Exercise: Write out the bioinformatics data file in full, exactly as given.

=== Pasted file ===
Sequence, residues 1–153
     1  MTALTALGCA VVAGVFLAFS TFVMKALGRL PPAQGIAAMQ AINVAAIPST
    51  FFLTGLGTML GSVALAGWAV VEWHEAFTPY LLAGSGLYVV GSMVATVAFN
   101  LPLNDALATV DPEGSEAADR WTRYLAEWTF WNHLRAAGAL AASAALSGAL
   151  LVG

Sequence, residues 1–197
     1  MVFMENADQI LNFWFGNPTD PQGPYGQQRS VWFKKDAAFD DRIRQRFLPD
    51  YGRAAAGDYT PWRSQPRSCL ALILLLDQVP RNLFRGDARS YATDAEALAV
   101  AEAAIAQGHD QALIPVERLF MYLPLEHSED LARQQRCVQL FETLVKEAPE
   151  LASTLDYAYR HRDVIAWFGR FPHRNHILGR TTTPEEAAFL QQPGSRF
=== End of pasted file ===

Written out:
Sequence, residues 1–153
     1  MTALTALGCA VVAGVFLAFS TFVMKALGRL PPAQGIAAMQ AINVAAIPST
    51  FFLTGLGTML GSVALAGWAV VEWHEAFTPY LLAGSGLYVV GSMVATVAFN
   101  LPLNDALATV DPEGSEAADR WTRYLAEWTF WNHLRAAGAL AASAALSGAL
   151  LVG

Sequence, residues 1–197
     1  MVFMENADQI LNFWFGNPTD PQGPYGQQRS VWFKKDAAFD DRIRQRFLPD
    51  YGRAAAGDYT PWRSQPRSCL ALILLLDQVP RNLFRGDARS YATDAEALAV
   101  AEAAIAQGHD QALIPVERLF MYLPLEHSED LARQQRCVQL FETLVKEAPE
   151  LASTLDYAYR HRDVIAWFGR FPHRNHILGR TTTPEEAAFL QQPGSRF